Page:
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Management of African root and tuber scale using improved cassava genotypes and mineral fertilizers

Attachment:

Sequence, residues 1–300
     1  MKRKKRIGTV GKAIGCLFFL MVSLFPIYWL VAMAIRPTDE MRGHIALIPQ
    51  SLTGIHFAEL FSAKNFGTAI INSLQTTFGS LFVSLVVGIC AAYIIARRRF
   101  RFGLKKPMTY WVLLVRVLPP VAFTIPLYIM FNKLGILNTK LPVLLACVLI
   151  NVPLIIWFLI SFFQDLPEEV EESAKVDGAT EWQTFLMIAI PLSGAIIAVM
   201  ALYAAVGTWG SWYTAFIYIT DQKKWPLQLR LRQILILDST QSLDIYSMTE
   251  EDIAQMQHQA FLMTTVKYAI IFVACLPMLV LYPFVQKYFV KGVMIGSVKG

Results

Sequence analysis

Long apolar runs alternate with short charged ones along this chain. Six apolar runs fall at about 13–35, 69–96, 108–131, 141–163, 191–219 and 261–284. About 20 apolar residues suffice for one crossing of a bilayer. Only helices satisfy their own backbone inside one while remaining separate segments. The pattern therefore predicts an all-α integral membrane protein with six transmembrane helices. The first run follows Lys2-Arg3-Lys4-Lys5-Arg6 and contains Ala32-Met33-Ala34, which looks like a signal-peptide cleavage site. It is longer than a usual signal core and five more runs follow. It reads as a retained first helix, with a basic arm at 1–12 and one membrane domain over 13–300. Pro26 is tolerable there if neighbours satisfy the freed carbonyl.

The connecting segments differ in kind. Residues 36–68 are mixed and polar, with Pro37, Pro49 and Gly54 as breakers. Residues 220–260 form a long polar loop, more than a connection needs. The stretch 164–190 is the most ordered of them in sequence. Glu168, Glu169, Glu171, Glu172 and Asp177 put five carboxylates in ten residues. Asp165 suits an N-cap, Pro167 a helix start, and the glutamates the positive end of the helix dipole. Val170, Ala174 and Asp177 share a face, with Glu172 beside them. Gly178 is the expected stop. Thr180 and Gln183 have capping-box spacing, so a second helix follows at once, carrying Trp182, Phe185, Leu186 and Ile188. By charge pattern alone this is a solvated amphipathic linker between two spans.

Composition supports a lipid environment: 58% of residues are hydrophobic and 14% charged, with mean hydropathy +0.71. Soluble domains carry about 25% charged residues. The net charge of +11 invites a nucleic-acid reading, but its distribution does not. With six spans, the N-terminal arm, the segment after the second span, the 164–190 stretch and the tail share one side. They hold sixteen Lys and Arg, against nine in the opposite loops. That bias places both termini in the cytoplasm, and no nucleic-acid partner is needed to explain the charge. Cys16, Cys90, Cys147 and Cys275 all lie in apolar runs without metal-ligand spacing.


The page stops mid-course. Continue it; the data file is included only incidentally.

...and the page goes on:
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The African root and tuber scale (ARTS), Stictococcus vayssierei Richard, is an insect species indigenous to Africa, which has recently become an economic pest of cassava (Manihot esculenta Crantz) in many parts of the Democratic Republic of the Congo (D R C). This scale infests underground parts of the plants and prevents young plants from tuberising, thus, causing yield losses of up to 100%. In order to evaluate control components that can be combined into an effective strategy for the management of the scale, six improved cassava genotypes were evaluated for resistance against the scale and NPK fertiliser was tested at the recommended rate as a pest control component. The fertiliser application was made as basal dressing and on one improved clone (F100) with a local variety. Results indicated that ARTS infestations were delayed on ‘Kinuani', F100 and the local clone, ‘Kileba', as no scales were observed on them 6 months after planting (MAP). The sweetest improved genotype, ‘Papayi', harboured the highest number (134.8 insects plant-1) of scales. At 9 and 12 (harvest) MAP, all clones were relatively highly infested, except for the bitter genotype, ‘Sadisa'. This clone also yielded more than the local clone. Mineral fertiliser application significantly increased scale population density on F100, and plant height on both F100 and the local clone. It did not significantly affect the number of tuberous roots and root yield on either the improved F100 or on ‘Kileba'.